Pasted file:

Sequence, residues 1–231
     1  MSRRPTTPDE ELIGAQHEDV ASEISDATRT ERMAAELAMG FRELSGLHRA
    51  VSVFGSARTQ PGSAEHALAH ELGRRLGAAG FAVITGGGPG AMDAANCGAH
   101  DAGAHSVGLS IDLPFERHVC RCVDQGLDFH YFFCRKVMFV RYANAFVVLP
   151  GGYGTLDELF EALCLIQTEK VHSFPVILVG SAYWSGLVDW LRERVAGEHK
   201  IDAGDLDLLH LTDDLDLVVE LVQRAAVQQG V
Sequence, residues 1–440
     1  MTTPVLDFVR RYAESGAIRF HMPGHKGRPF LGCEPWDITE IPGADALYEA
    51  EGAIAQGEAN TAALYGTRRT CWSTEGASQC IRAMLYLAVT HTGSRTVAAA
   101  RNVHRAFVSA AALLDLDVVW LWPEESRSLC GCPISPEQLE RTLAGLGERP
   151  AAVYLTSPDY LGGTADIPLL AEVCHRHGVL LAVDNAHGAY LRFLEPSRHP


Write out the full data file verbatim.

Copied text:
Sequence, residues 1–231
     1  MSRRPTTPDE ELIGAQHEDV ASEISDATRT ERMAAELAMG FRELSGLHRA
    51  VSVFGSARTQ PGSAEHALAH ELGRRLGAAG FAVITGGGPG AMDAANCGAH
   101  DAGAHSVGLS IDLPFERHVC RCVDQGLDFH YFFCRKVMFV RYANAFVVLP
   151  GGYGTLDELF EALCLIQTEK VHSFPVILVG SAYWSGLVDW LRERVAGEHK
   201  IDAGDLDLLH LTDDLDLVVE LVQRAAVQQG V
Sequence, residues 1–440
     1  MTTPVLDFVR RYAESGAIRF HMPGHKGRPF LGCEPWDITE IPGADALYEA
    51  EGAIAQGEAN TAALYGTRRT CWSTEGASQC IRAMLYLAVT HTGSRTVAAA
   101  RNVHRAFVSA AALLDLDVVW LWPEESRSLC GCPISPEQLE RTLAGLGERP
   151  AAVYLTSPDY LGGTADIPLL AEVCHRHGVL LAVDNAHGAY LRFLEPSRHP